That had made her very proud. She was the youngest, but she was special, and she had waved at the passing Americans. A giant American boy wearing a metal suit and carrying a huge gun had even seen her and waved back.

Three days after the Big Fight started, the war came to her farm and killed her entire family.

The girl hid in the cupboard. It was all that she could do. Everyone else was gone. All her brothers and sisters, Mother and Father, everyone. Hot tears dripped down her face and her nose was running, but she tried not to make a sound. He would hear her. He would kill her.

The man was in the kitchen. She could hear his boot soles stamping against the floorboards. There was a crash as he pulled open the pantry. Dishes broke and he cursed in a language she did not recognize. Was he looking for her? She pulled her knees up tight to her chest and tried not to breathe. He was searching for her with his terrible grey eyes.

The pump handle was worked and water splashed into the basin. A few seconds passed and then the killer let out a gasp of pain.

The cupboard door was loose. There was a sliver of light leaking around the edge. She put her eye close and found that she could see a narrow slice of the kitchen. A bloody shirt lay discarded on the floor. The man was at the sink, holding one of Motherdishrags to his stomach. The cloth came away red, revealing a ragged gash. Thick rivulets of dark blood were trickling down his bronze skin and splattering about the kitchen. It was a terrible wound.

He must have been injured before he had mysteriously appeared in the middle of the yard, for certainly none of her family had time to defend themselves. When he had appeared, seemingly out of thin air, Father had addressed him first in French and then in German. The stranger had answered by stabbing Father in the heart. Then he had been everywhere. Killing. Her brothers and sisters had run but he had chased them all down. Mother had told her to hide, but as she’d fled, she’d heard Mother screaming on the steps and then it had been quiet.

She was all alone with the monster.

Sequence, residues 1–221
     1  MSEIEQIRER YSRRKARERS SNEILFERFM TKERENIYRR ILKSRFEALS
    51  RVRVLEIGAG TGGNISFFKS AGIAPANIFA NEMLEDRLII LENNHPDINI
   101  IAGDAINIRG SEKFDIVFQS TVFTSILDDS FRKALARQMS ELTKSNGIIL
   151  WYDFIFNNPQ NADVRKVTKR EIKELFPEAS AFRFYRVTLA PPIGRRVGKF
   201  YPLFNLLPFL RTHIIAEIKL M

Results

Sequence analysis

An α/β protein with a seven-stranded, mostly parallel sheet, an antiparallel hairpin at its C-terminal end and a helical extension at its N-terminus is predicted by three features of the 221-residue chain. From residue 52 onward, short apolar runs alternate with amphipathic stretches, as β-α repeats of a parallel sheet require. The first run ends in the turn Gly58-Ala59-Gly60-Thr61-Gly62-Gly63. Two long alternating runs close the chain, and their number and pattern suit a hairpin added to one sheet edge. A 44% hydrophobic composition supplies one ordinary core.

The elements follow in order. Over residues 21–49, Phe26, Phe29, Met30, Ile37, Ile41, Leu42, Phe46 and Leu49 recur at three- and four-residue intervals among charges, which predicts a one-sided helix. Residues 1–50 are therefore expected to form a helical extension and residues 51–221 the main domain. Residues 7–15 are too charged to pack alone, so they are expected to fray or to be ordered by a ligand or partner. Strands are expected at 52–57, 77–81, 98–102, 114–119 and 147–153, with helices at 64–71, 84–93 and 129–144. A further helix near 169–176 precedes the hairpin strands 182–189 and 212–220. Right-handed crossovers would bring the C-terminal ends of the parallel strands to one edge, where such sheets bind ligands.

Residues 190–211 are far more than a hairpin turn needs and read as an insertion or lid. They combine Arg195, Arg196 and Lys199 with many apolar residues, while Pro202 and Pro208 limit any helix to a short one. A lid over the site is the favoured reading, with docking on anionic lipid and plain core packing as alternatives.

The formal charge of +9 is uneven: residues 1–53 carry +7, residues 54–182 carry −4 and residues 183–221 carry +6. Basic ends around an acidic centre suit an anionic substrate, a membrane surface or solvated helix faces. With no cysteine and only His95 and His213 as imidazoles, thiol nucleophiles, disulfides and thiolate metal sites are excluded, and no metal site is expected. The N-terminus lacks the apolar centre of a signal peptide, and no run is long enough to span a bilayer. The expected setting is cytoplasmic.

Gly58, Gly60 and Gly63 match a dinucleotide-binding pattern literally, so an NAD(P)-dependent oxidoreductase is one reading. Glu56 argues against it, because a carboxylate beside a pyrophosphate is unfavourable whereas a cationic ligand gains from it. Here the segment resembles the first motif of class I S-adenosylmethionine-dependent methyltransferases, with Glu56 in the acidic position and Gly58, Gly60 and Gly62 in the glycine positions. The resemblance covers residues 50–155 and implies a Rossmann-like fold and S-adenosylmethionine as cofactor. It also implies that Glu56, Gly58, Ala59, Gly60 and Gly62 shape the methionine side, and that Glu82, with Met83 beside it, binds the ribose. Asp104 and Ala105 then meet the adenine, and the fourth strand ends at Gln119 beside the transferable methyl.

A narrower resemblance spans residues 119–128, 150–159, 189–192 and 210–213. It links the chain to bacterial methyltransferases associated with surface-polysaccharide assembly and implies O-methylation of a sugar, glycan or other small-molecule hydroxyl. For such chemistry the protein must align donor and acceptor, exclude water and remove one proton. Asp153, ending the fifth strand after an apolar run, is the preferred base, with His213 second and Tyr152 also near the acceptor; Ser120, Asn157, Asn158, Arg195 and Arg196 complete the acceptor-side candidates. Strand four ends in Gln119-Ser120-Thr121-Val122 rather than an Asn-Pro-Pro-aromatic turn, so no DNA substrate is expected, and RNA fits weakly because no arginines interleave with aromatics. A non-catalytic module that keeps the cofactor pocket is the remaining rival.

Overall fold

The man’s long white hair was dirty and tangled. There were many other cuts and bleeding holes on his body besides the big one on this stomach, and she prayed that he might hurry and die soon. As she watched him trying to stop the bleeding, she realized that the man’s torso was covered in some strange design, like he’d been crisscrossed in blackened scars. Mother appreciated books, so the girl knew how to read, but she did not recognize any of the strange letters carved into the killer’s chest.

“I know you are there, little girl.”

She gasped and pulled back deeper into the cupboard.

“Hiding does no good, for I can see you in my head.” His French was rough. He was a foreigner. He spoke almost like an Englishman would speak French, but he was certainly no Englishman either. “Do not be afraid. It will be over soon.”

“Why?” she squeaked.

“Why?” The stranger chuckled, and then it turned into a grunt of pain. “My enemies, put a hex on me and I was unable to Travel very far. How did they do that, I wonder? Please come out, girl. I am… better now. I do not like speaking to a door.”

She scrunched back as far as she could. “No.”

There was a long pause. “You have Power. You are far more valuable than the others. They were empty. You… You are what drew me here. I should have taken you first. Such is life.”

Muddy boots struck the floor as he strolled over and ripped the cupboard door from its hinges. The girl screamed. He grabbed a handful of her long dark hair, dragged her out, and hurled her against the floor. She sobbed and begged for her life. She tried to use her own magic, but was too terrified and shaky to make it work.